Antidiarrhea

Diarrhea is defined as frequent liquid stools that can be caused by foods, fecal impaction, bacteria (Escherichia coli, Salmonella), virus (parvovirus, rotavirus), toxins, drug reaction, laxative abuse, malabsorption syndrome caused by lack of digestive enzymes, stress and anxiety, bowel tumor, and inflammatory bowel disease such as ulcerative colitis or Crohn's disease.

Diarrhea can be mild (lasting one bowel movement) or severe (lasting several bowel movements). Intestinal fluids are rich in water, sodium, potassium, and bicarbonate, and diarrhea can cause minor or severe dehydration and electrolyte imbalances. The loss of bicarbonate places the patient at risk for developing metabolic acidosis. Severe diarrhea can be life threatening in young, elderly, and debilitated patients.

Diarrhea is a symptom of an underlying cause. Therefore, you must treat the underlying cause while treating the diarrhea. Diarrhea can be treated with a combination of medications and nonpharmacological measures such as clear liquids and oral solutions—Gatorade, Pedialyte, or Ricolyte—and intravenous electrolyte solutions.

For example, traveler's diarrhea also known as Montezuma's Revenge is an acute condition usually caused by E. coli that last less than 2 days but it can become severe. A patient experiencing traveler's diarrhea may be given fluoro-quinolone antibiotics and loperamide (Immodium) to slow peristalsis and decrease the frequency of the stools. Fluoroquinolone treats the underlying cause of diarrhea and loperamide treats the diarrhea itself.

Anti-diarrhea medications decrease the hypermotility (increased peristalsis) that stimulates frequent bowel movements. Antidiarrheals should not be used for longer than 2 days and should not be used if a fever is present. Anti-diarrhea medication is available in four classifications.

See antidiarrheals listed in the Appendix. Detailed tables show doses, recommendations, expectations, side effects, contraindications, and more; available on the book's Web site (see URL in Appendix).

Opiates

Opiates decrease intestinal motility thereby decreasing persistalsis. Constipation is a common side effect. Examples are tincture of opium, paregoric (camphorated opium tincture), and codeine. Opiates are frequently combined with other antidiar-rheal agents and can cause central nervous system (CNS) depression when taken with alcohol, sedatives, or tranquillizers. Duration of action is about 2 hours.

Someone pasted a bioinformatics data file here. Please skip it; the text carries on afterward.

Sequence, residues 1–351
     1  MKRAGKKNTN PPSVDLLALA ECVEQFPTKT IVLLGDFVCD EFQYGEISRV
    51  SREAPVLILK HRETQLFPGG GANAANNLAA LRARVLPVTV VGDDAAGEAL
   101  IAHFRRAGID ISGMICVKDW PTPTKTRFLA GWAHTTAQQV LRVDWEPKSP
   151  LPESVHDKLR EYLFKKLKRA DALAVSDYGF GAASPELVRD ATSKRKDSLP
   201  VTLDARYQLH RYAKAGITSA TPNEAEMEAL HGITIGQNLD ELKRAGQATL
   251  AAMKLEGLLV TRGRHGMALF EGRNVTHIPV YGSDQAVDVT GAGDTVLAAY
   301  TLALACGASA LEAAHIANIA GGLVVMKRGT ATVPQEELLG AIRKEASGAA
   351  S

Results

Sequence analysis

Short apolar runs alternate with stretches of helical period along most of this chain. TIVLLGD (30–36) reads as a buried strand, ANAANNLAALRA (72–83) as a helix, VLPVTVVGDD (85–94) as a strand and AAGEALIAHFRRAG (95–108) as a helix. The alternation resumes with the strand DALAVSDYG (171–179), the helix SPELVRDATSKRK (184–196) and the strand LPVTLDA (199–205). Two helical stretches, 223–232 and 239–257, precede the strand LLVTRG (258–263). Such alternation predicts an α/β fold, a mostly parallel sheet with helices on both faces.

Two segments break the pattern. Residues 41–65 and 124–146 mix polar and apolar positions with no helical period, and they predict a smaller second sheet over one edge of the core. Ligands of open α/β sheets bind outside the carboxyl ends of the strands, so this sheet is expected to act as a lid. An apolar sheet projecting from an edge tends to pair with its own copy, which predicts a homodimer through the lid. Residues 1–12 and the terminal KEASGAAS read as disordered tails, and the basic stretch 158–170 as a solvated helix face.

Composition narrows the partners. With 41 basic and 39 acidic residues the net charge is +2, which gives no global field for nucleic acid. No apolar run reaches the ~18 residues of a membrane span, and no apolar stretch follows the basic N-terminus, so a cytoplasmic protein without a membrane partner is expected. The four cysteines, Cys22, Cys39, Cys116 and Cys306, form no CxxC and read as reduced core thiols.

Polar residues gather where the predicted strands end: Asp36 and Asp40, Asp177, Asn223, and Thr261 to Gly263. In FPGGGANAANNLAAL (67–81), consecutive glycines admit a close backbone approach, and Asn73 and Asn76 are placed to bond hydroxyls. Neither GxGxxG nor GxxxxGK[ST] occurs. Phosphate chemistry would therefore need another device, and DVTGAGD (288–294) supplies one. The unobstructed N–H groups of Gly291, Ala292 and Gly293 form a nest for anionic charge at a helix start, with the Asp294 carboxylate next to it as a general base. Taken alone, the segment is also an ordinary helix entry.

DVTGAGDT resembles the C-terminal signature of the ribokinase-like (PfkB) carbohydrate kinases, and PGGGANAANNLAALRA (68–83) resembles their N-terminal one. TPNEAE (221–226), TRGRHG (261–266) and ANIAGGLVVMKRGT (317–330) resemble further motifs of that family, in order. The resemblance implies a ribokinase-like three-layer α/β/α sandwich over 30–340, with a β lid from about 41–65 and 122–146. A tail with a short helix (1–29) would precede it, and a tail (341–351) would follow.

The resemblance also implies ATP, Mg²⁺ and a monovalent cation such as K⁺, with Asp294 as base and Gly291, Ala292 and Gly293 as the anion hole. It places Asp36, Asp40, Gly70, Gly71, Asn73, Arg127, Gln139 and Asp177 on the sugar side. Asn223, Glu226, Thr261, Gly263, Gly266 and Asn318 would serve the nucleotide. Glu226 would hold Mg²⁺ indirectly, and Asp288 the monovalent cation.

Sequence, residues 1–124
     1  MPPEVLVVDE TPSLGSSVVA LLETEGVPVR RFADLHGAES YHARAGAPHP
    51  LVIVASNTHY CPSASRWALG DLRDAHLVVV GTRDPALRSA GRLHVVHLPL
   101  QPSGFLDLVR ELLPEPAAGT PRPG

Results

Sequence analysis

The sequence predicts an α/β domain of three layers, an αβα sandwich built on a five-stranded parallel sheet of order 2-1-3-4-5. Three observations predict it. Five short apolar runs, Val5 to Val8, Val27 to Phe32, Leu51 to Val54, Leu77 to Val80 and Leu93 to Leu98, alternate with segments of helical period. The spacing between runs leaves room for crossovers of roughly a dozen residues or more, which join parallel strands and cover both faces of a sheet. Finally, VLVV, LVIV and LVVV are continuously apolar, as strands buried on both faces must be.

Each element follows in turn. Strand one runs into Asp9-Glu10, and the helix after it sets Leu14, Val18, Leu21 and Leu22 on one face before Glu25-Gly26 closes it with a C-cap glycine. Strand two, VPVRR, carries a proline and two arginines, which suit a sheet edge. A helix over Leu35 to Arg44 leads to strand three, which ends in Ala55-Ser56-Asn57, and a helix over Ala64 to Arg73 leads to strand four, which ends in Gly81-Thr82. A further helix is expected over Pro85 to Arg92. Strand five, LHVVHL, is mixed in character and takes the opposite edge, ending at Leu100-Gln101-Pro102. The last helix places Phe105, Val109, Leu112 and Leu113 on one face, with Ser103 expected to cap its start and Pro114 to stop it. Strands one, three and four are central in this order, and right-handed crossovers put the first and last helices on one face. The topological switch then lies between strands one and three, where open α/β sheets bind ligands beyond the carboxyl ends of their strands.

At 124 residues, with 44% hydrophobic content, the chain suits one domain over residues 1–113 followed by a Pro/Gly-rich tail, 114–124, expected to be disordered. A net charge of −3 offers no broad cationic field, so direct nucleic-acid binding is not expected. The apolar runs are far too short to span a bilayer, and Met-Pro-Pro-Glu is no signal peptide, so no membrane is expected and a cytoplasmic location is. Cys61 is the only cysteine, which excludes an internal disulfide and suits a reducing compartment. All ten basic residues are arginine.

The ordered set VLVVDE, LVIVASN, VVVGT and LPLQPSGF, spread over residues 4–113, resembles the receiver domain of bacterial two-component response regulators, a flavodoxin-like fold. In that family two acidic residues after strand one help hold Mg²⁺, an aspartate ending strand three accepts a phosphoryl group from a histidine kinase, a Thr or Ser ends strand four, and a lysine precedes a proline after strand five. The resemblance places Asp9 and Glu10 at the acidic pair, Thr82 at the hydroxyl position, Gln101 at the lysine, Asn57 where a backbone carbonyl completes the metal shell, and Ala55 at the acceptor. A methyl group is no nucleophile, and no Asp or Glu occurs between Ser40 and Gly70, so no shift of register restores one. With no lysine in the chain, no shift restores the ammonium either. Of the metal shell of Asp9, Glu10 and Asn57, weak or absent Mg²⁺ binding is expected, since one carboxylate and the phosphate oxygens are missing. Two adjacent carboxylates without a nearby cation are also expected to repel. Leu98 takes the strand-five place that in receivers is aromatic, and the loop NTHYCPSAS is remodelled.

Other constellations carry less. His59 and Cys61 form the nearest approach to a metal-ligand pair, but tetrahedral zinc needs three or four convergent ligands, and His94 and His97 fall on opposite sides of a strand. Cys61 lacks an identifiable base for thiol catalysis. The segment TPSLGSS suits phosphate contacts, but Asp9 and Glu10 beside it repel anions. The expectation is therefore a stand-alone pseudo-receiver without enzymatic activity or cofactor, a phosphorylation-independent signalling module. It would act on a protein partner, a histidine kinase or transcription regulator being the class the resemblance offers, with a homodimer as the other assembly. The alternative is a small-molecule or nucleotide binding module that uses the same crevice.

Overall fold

Opiate-Related Agents

Opiate-related agents are drugs that are synthetic compounds similar to opiates. These drugs include diphenoxylate (Lomotil) (50% atropine to discourage abuse; amount of atropine is subtherapeutic) and loperamide. Both are synthetic drugs that are chemically related to meperidine (Demerol). Loperamide causes less CNS depression than diphenoxylate and can be purchased over-the-counter. It protects against diarrhea longer than a similar dose of Lomotil, reduces fecal volume, and decreases intestinal fluid and electrolyte losses. These drugs can cause nausea, vomiting, drowsiness, and abdominal distention. Tachycardia, paralytic ileus, urinary retention, decreased secretions, and physical dependence can occur with prolonged use.

Absorbents

Adsorbents coat the wall of the GI tract and adsorb bacteria or toxins that are causing the diarrhea. Adsorbents include kaolin and pectin, which are combined in the over-the-counter drug Kaopectate, and other antidiarrheals. Pepto-Bismol is considered an adsorbent because it adsorbs bacterial toxins. Bismuth salts can also be used for gastric discomfort. Colestipol and cholestyramine (Questran) are prescription drugs that have been used to treat diarrhea.

Anti-Diarrhea Combinations

Anti-diarrhea combinations are miscellaneous antidiarrheals that include colistin sulfate, furazolidone, loperamide, lactobacillus, and octreotide acetate. You may know these brand names drugs to alleviate diarrhea: Lomotil (diphenoxylate HCl with atropine sulfate) and parepectolin (paregoric, kaolin, pectin, alcohol). Most contain a synthetic narcotic ingredient.

Constipation Prescription

Constipation Prescription

Did you ever think feeling angry and irritable could be a symptom of constipation? A horrible fullness and pressing sharp pains against the bladders can’t help but affect your mood. Sometimes you just want everyone to leave you alone and sleep to escape the pain. It is virtually impossible to be constipated and keep a sunny disposition. Follow the steps in this guide to alleviate constipation and lead a happier healthy life.

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